“Each of those important support pivots that everyone is watching, like the 50 day moving average and so on, each one of those are taken out in the access market in the quiet trading, overnight, on three successive days.  In other words, they take out these three important pivots, which turns the momentum buyers into sellers.  It also gets a bunch of funds to start selling as well.
So using as little ammunition (physical gold) as possible, and in thinly traded markets, they take out these pivots.  They smash the price, but leave just enough physical gold for going into the fixes because the smart buyers are saying, ‘I’ll take it at this price.’  So, as we go into the fix, they’ve provided just enough physical to satisfy as many of those buyers as they can.  They then smash it right after the fix, again, with paper.
It’s a sign of absolute desperation when central banks are willing to risk giving bullion banks gold they will never, ever receive back.
These central banks had to be in desperation to allow this borrowed gold to be absorbed by foreign entities.  They needed to raise dollars in a hurry and they are extremely afraid of gold going through the roof.  I was very, very surprised they got as far as they did (driving gold lower).  They had to use an awful lot of gold to do it.”

Decoupling - Neither the breaking up with your GF type nor something even dirtier

ZeroHedge | On a long enough timeline the survival rate for everyone drops to zero

With ES (the e-mini S&P futures contract) managing to pull over 40 points off overnight lows (bringing back memories of the 11/30 global bailout rampfest), we saw correlated risk assets disconnect one by one as the day proceeded.

SPX 1260 (200d) still the level to watch above

ZeroHedge | On a long enough timeline the survival rate for everyone drops to zero

SPX 1260 (200d) still the level to watch above – held twice in June, sliced through in August, been a consistent top in October, November, and December. SPX closes up 36 at 1241 (+2.98%)." And incidetnally as was noted here minutes ago, "Strange to see EURUSD and SPX decouple so sharply, but year-end brings funny things."

3 Stages of Inflation by Mises colleague Henry Hazzlitt

“What we commonly find, in going through the histories of substantial or prolonged inflations in

various countries, is that, in the early stages, prices rise by less than the increase in the quantity

of money; that in the middle stages they may rise in rough proportion to the increase in the

quantity of money (after making due allowance for changes that may also occur in the supply

of goods); but that, when an inflation has been prolonged beyond a certain point, or has shown

signs of acceleration, prices rise by more than the increase in the quantity of money.” ~ Henry Hazlitt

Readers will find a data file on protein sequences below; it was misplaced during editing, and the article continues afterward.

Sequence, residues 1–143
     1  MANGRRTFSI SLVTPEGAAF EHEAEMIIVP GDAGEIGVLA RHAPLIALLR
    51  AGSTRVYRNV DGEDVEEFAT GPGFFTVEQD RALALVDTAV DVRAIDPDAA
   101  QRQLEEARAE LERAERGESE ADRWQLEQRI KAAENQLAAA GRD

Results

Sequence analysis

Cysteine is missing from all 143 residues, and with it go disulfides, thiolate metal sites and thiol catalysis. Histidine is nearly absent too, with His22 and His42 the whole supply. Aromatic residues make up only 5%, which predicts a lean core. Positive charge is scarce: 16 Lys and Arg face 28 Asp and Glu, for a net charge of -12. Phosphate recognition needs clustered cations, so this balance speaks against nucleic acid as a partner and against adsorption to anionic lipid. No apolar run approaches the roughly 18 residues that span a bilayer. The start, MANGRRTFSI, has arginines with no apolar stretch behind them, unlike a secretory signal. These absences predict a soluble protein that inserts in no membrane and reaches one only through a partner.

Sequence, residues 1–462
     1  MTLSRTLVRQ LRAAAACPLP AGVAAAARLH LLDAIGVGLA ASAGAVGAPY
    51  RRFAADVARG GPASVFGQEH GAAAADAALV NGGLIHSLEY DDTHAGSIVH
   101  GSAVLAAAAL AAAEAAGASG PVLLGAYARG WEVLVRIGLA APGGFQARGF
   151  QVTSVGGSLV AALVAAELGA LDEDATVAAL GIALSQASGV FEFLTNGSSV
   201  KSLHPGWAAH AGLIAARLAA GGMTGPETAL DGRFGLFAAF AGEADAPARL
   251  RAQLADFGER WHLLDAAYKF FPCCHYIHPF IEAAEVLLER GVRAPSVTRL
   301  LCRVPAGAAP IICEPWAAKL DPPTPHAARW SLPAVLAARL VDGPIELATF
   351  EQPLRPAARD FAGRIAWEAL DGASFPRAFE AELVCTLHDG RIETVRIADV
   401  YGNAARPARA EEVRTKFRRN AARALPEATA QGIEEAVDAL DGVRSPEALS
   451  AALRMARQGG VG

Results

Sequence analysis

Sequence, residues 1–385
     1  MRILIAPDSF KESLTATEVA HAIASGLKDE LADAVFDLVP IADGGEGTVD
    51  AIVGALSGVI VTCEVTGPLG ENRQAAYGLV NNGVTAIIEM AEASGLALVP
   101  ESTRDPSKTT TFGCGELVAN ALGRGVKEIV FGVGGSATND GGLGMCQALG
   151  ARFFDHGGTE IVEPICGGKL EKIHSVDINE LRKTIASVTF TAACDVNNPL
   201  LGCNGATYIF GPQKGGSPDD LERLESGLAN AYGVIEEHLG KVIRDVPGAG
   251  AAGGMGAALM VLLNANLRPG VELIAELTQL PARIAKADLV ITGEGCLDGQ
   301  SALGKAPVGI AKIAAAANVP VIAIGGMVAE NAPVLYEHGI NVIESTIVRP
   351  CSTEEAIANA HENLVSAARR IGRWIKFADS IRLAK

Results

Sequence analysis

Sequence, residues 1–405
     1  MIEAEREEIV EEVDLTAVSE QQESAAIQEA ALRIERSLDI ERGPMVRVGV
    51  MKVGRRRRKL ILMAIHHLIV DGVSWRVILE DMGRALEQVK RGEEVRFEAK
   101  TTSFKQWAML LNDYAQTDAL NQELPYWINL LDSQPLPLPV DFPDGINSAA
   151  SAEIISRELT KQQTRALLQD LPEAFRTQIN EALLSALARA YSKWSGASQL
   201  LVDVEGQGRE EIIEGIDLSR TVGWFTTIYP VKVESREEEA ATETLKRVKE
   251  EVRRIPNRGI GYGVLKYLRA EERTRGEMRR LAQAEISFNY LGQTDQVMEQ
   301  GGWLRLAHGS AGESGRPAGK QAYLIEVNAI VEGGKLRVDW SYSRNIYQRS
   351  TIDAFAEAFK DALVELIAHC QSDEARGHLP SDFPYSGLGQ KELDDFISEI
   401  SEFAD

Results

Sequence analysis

ZeroHedge Solidly in the Germany Exiting the Euro Camp

ZeroHedge | On a long enough timeline the survival rate for everyone drops to zero

Two weeks ago in "Has The Imploding European Shadow Banking System Forced The Bundesbank To Prepare For Plan B?" we suggested that according to recent fund flow data, "the Bundesbank wants slowly and quietly out." Out of what? Why the European intertwined monetary mechanism of course, where surplus nations' central bank continue to fund deficit countries' accounts via an ECB intermediary.
"we may be experiencing the attempt by the last safe European central bank - Buba - to disintermediate itself from the slow motion trainwreck that is the European shadow banking (first) and then traditional banking collapse (second and last). Because as Lehman showed, it took the lock up of money markets - that stalwart of shadow liabilities - to push the system over the edge, and require a multi-trillion bailout from the true lender of last resort. The same thing is happening now in Europe. And the Bundesbank increasingly appears to want none of it."

Seeking Alpha writer Agrees with the Germany to leave Euro first Thesis

The Collapse, Death, And End Of The Euro - Seeking Alpha

When the euro drops below 1.20, analysts will talk about the collapse of the euro. When the euro falls toward parity with the dollar, headlines around the world will scream about the death of the euro. But when the European financial system finally collapses, we may very well actually see the end of the euro.

 

In the end, someone is going to leave the euro. There has been a lot of talk about Greece or Italy leaving the euro, but the truth is that it is probably more likely that a strong nation such as Germany will be the first to make a move.

 

Brutal austerity + toxic levels of government debt + rising bond yields + a lack of confidence in the financial system + banks that are massively overleveraged + a massive credit crunch = A financial implosion of historic proportions

Max Keiser: Valuable Insights Into What Drives Crude Prices in Today's "Markets" in 2nd Half

Another insight that stands out (to this Political Science / Geopolitics Geek anyway) is that the MF Global situation seems to have inserted a Divide and 
Conquer reality into a segment of the social pyramid where it doesn't normally exist:  the 0.01% vs. the 1% - the super-rich vs. the fairly rich - Big Banks and Govt vs Rich traders and hedge fund managers etc.  Consciously, puposefully or not - the system is eating itself. 


PHYZZ Owners Rejoice: Forbes Makes the Case for $10,000 Gold - sort of

Central Bank Appetite And The Monetary Case For $10,000 Gold - Forbes
What do you get when you mix negative real interest rates with stimulative money supply efforts by global central banks? An exceptionally potent formula for higher gold prices that could send gold to the unimaginable level of $10,000 an ounce.

China and India, have negative real interest rates sitting around negative 2 percent. Simply put, investors in those countries who have parked their savings in cash and low-yielding investments, such as Treasury bills and money market accounts in the U.S., are actually losing money due to inflation. That can be tough for any investor, but when you’re the central bank of a country with millions of dollars in reserves, it can be catastrophic. This is why central banks around the globe have sought protection by diversifying their foreign-exchange reserves into gold bullion this year.